March 8 marked International Women’s Day, a day to reflect on the situation of women throughout the world. With all the talk about Iran’s nuclear program, little attention is being paid to the internal situation, particularly Iran’s ongoing war on women. The regime in Tehran has continued its policy of disenfranchisement and apartheid with respect to women. This week the regime proposed a new draft law supposedly aimed at boosting the country's population, which Amnesty International has claimed would, "reduce Iranian women to baby-making machines."

The law would block employment at certain jobs for Iranian women who choose not to have children, making it clearly discriminatory and unfair. Amnesty's deputy director for the Middle East and North Africa, Hassiba Hadj Sahraoui noted, "The proposed laws will entrench discriminatory practices and set the rights of women and girls in Iran back by decades.”

ADVERTISEMENT

The legislation is supposedly motivated by the “Supreme Leader's” totalitarian command that Iranians act to increase the country's birth rate. The willingness to implement such discriminatory legislation shows fundamental lack of equality and justice within the Iranian regime, and is reminiscent of a fascist dictatorship. It also affirms the regime’s view that women are meant to be relegated to objects within society, to be controlled, regulated and confined. Obviously, by subjugating women, the mullahs seek to enchain the society as a whole.

Under the tenure of the regime’s smiling president Hassan Rouhani more at least 1,300 people, including dissidents and ethnic and religious minorities, such as Sunnis, Kurds, Arabs and Baluchis, have been executed, dispelling the notion in some quarters that Rouhani may represent the winds of reformist change. His inhumane behavior demonstrates yet again that the extremist Iranian regime is inherently incapable of reform.

Among the executed were almost 30 women, some of whom were hanged in public. This show of savagery dwarfs even the horrific barbarity of Islamic extremists of ISIS (Islamic State) in Iraq and Syria. Last October, the regime executed a young woman, Reyhaneh Jabbari, who was accused of defending herself against being raped by an intelligence agent. These barbaric executions are coupled with inhumane and degrading punishments, such as eye gouging, limb amputation and flogging in public.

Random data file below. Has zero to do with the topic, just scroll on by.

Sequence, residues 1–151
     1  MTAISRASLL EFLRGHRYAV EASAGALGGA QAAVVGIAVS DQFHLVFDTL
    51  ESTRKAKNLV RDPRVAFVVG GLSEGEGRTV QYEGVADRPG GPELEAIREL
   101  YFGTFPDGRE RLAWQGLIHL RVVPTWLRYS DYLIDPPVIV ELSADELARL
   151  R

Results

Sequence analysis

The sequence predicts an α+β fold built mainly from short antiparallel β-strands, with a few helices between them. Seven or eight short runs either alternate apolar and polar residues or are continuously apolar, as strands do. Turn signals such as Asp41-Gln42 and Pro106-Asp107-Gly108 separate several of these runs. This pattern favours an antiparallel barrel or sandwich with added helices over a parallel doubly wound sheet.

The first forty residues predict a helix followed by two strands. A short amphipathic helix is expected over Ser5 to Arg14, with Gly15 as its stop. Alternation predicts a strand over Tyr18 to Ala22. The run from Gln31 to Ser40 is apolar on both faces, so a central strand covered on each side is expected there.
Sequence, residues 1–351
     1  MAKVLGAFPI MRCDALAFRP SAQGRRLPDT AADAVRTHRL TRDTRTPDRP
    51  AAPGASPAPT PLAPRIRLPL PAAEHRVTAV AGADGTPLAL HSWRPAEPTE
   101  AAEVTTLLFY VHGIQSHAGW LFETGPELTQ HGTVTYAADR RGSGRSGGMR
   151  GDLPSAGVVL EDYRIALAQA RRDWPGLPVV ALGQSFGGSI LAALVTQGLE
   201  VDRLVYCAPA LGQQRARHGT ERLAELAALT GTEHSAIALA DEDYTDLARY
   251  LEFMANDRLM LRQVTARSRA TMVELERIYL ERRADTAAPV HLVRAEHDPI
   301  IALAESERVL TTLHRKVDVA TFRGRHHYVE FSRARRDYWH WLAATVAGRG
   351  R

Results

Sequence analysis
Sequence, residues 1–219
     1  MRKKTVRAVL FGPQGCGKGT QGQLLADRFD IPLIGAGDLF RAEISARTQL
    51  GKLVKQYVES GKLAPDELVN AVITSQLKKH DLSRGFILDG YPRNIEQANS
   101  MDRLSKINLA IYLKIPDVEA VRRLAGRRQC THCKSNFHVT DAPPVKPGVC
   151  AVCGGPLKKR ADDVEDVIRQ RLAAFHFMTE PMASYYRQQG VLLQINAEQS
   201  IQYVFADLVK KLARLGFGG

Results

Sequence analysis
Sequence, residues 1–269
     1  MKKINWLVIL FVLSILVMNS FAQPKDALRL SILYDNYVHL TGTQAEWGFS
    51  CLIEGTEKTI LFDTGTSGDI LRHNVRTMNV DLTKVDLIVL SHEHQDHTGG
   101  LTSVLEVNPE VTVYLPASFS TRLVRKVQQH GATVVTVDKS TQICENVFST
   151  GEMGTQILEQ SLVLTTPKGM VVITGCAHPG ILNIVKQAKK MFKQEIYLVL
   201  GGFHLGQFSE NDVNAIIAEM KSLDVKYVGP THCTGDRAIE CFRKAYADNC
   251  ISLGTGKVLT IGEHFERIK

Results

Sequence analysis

This past year has seen repression and discrimination against women increase in many forms. The regime continues to maintain policies which encourage or acquiesce towards gender based violence. As many as 25 women were the victims of heinous attacks involving acid thrown onto their faces by men on motorcycles. The attacks were motivated by a culture of misogyny and repression towards women, and a direct result of the ruling regime and its policy of gender apartheid. The attacks occurred after a law was passed by the regimes parliament to protect citizens who feel "compelled to correct" those who do not adhere to their view of Islamic morality. In reality it legitimated gender based violence against women who were wearing makeup or were accused of being “improperly” veiled.

The regime also offers little protection for stay-at-home women. According to the report by the UN Special Rapporteur on Human Rights on Iran, Ahmad Shaheed, some 66 percent of Iranian women have experienced domestic violence, yet the governmental policies do little to address this issue or provide support for women. The report also states, “Some draft laws…markedly compound discrimination against women by further eroding their protection from forced marriage and rights to education, work and equal wages.” The report goes on to identify ongoing systematic shortcomings with respect to the rights, freedoms and opportunities of women in Iran.

It should also come as no surprise that the Iranian regime executed two women on International Women’s Day, and continues to terrorize women in every aspect of society, while paying lip service to human rights and equality when dealing with the West. Sadly the fate of Iranian women has been left out of the narrative surrounding negotiations with the fascist theocracy in Tehran. Those of us abroad must do all we can to ensure that the regime is not able to silence and suppress the women of Iran, who, in the words of the Iranian opposition leader, Maryam Rajavi, are best positioned to defeat Islamic extremism and fundamentalism.

Samsami is the representative in the United States for the National Council of Resistance of Iran, a coalition of Iranian opposition groups and personalities, seeking the establishment of a democratic, secular and non-nuclear republic in Iran.